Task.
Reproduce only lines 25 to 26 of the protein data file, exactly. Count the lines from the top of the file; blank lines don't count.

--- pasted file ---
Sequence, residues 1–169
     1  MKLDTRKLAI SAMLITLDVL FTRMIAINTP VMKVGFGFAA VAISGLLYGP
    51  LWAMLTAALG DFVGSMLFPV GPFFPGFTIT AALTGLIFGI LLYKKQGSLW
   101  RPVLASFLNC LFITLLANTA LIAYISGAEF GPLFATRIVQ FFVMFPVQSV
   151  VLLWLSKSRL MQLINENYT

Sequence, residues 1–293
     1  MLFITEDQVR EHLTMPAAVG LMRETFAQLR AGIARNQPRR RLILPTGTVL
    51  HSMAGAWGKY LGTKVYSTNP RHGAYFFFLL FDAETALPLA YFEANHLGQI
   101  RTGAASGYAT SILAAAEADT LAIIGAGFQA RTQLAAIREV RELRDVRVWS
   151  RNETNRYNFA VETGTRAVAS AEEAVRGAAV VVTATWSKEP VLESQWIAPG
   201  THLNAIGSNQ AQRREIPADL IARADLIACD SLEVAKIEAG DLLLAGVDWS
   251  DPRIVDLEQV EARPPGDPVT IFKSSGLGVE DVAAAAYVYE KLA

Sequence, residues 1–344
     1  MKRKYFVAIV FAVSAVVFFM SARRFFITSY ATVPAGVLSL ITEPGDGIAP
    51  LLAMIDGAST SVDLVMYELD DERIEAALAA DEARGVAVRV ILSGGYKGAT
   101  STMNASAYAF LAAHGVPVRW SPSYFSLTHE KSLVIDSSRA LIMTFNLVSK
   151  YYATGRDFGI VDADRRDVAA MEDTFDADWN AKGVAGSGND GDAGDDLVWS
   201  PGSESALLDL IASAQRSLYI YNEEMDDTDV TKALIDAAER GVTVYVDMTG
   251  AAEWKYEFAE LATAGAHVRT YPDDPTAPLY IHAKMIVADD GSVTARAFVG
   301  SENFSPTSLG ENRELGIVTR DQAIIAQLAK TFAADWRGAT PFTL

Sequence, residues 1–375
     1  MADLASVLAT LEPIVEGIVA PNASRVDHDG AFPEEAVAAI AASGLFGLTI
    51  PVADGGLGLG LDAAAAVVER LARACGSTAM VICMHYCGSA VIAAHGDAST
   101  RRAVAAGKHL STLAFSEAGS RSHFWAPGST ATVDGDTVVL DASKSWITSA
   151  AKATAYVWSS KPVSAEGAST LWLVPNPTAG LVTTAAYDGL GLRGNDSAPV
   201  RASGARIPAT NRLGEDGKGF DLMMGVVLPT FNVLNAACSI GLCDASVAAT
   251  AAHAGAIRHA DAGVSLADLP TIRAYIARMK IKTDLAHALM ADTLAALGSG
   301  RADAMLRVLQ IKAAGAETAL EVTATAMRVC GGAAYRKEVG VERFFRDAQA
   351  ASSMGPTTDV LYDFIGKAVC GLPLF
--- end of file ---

   151  AKATAYVWSS KPVSAEGAST LWLVPNPTAG LVTTAAYDGL GLRGNDSAPV
   201  RASGARIPAT NRLGEDGKGF DLMMGVVLPT FNVLNAACSI GLCDASVAAT